Inspired by the preamble to the constitution, “We, the people, in order to form a more perfect union”, we, at the University of Wyoming’s Democracy Lab, seek to find ways to improve the quality of democracy at the local, state, and national levels. In a report for the National Endowment for the Humanities, Danielle Allen argues that educational institutions, such as the University of Wyoming, need to foster “participatory readiness” to prepare “young people for civic participation in their communities and in the country’s political institutions.” She continues that one of the key insights of the NEH commission “The Heart of the Matter” was that “of all the disciplines, the humanities and social sciences have a special contribution to make to civic education.”[3]

Democratic institutions in the United States have existed for over two centuries, a condition that assures a base level of public support and civil authority for the rule of law. An overwhelming majority of citizens, moreover, believe in the promise of liberal democracy and the juridical structures that propel the country forward politically and socially. Critical evaluation of past events provides an essential means to learn about the destructive capabilities of nationalism, racism, and oppression. In the language of The Federalist Papers, without an engaged citizenry, laws and institutions risk becoming mere “parchment barriers.” Therefore, the Democracy Lab is an anchor institution in the civic ecosystem of the Rocky Mountain region, engaging people in a broadly-inclusive effort to build a durable infrastructure in which people learn about ethics, empathy, perspective, and context; critical, creative, and analytical thinking; and how the history of race, class, and gender have shaped our systems and institutions. The Democracy Lab will help people to identify problems in their communities and empower them to come up with creative ways to solve them.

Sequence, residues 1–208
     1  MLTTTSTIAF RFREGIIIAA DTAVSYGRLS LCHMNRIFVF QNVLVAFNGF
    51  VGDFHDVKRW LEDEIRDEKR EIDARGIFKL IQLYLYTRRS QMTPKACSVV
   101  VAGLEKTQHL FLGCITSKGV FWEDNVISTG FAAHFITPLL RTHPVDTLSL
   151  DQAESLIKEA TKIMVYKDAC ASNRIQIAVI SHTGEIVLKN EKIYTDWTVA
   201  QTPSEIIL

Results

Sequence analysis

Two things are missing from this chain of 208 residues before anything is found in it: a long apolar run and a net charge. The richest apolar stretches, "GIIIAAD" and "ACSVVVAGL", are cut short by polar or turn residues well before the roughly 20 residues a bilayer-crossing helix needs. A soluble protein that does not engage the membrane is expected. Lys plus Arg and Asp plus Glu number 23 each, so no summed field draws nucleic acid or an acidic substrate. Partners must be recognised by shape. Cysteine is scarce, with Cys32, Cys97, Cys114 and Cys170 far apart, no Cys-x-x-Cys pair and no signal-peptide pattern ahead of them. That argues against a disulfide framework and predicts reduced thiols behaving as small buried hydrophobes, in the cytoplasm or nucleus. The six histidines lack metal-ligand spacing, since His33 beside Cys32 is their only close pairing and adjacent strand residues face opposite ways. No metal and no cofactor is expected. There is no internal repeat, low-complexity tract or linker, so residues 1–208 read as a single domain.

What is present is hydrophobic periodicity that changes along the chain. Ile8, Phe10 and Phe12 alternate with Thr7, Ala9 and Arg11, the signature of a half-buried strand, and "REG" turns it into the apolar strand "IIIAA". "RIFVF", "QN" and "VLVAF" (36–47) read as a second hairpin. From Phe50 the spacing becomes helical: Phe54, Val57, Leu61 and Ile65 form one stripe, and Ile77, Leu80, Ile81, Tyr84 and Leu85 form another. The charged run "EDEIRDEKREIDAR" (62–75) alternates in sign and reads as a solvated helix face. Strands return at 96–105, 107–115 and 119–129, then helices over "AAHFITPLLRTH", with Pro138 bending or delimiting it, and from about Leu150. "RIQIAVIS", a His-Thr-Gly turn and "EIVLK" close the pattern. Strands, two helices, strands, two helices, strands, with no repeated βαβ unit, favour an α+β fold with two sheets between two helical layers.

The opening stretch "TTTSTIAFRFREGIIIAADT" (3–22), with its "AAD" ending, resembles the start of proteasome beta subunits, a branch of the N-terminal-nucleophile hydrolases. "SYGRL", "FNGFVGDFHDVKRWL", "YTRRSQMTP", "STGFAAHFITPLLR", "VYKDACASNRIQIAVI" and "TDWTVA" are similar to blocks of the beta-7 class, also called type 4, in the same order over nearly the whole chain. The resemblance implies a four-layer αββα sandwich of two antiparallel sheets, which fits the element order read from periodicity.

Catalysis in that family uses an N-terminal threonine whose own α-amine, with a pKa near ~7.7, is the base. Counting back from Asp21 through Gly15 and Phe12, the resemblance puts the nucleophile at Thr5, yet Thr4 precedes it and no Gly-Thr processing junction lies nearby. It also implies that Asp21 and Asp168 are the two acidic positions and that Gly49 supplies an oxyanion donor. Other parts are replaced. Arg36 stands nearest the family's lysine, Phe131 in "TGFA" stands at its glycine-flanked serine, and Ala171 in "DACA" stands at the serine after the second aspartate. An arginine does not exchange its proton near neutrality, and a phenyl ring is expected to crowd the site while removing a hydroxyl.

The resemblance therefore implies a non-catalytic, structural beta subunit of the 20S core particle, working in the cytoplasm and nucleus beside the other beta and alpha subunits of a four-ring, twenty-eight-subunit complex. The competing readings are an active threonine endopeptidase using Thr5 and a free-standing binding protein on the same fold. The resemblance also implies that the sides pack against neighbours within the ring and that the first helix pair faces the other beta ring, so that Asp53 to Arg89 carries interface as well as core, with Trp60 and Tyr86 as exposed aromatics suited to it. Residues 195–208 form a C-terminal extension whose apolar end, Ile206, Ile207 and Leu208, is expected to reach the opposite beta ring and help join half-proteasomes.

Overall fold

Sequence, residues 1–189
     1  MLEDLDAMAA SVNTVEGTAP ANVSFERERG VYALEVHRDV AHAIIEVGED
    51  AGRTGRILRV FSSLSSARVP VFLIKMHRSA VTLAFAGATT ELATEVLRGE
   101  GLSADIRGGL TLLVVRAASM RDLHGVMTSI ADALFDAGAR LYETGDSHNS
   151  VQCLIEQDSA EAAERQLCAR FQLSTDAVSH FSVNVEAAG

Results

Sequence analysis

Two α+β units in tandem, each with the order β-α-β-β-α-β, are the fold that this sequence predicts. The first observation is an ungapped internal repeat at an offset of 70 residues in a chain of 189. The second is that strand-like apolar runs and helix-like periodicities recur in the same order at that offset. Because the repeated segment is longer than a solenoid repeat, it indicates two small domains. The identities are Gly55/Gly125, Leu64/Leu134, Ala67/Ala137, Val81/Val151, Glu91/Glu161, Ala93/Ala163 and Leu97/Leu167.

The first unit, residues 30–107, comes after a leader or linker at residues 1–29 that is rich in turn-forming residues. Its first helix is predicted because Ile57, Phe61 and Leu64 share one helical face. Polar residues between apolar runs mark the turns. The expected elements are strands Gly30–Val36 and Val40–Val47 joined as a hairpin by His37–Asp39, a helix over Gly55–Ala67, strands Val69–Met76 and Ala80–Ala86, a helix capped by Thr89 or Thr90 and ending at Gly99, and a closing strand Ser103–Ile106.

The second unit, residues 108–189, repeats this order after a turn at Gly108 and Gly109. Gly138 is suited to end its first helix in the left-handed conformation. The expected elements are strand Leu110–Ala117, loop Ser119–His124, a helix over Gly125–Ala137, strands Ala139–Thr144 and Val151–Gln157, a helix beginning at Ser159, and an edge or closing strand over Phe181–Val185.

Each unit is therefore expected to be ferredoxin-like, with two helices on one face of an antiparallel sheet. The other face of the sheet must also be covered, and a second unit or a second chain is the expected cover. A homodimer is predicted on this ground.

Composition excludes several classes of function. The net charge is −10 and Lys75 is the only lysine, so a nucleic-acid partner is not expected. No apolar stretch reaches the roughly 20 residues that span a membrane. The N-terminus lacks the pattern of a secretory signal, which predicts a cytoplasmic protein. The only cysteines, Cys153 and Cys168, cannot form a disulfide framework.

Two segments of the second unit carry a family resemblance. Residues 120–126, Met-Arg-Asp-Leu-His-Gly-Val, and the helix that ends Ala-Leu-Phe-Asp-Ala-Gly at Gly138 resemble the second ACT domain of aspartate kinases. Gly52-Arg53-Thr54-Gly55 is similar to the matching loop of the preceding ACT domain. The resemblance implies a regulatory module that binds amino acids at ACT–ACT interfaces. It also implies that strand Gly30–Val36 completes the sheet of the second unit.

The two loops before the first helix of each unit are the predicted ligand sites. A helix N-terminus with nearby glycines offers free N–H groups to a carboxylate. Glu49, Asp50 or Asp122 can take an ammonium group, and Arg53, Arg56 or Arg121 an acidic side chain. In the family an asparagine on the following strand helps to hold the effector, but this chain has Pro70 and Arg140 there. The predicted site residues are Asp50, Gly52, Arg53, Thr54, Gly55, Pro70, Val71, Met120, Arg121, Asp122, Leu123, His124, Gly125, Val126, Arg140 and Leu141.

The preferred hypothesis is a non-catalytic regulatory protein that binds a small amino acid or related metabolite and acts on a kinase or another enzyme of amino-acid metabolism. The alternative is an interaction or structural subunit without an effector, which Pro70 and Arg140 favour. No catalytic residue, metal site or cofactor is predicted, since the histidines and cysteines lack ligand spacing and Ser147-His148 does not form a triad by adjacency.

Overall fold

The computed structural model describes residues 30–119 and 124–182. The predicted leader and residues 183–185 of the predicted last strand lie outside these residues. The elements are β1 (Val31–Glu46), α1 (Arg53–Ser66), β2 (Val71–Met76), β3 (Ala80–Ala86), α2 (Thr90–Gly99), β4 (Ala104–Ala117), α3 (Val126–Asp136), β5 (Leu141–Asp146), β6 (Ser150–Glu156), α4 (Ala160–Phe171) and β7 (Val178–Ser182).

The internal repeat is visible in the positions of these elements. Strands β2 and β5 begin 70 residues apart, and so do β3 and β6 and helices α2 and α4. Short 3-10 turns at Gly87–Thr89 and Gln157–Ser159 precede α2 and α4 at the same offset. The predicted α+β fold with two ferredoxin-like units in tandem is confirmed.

To address these questions, problems, and opportunities, the Democracy Lab is building a pipeline for current and rising leaders--a structure which harnesses the innovation and energy of students and deploys the wisdom of senior researchers, teachers, and public servants--to improve the quality of civil society in Wyoming and therefore the quality of democracy in the United States.


[1] Megan Brenan, “American Pride Hits New Low; Few Proud of Political System” Gallup, 2 July 2019 https://news.gallup.com/poll/259841/american-pride-hits-new-low-few-proud-political-system.aspx retrieved July 12, 2021.

[2] Congress and the Public, Gallup, https://news.gallup.com/poll/1600/congress-public.aspx retrieved July 12, 2021.

[3] Allen, D. (2016). The future of democracy: How humanities education supports civic participation. Humanities: The Magazine of the National Endowment for the Humanities 37(2) (Spring). Retrieved from https://www.neh.gov/humanities/2016/spring/features/the-future-the-humanities-democracy.

 

 

Contact Us

Wyoming Institute for Humanities Research

Dr. Scott Henkel, Director

The Cooper House

1000 East University Avenue

Department 4036

Laramie, WY 82071

Email: humanities@uwyo.edu

Wyoming Institute for Humanities Research Logo
Find us on Facebook (Link opens a new window) Find us on Twitter (Link opens a new window) Find us on Instagram (Link opens a new window) Find us on YouTube (Link opens a new window)

1000 E. University Ave. Laramie, WY 82071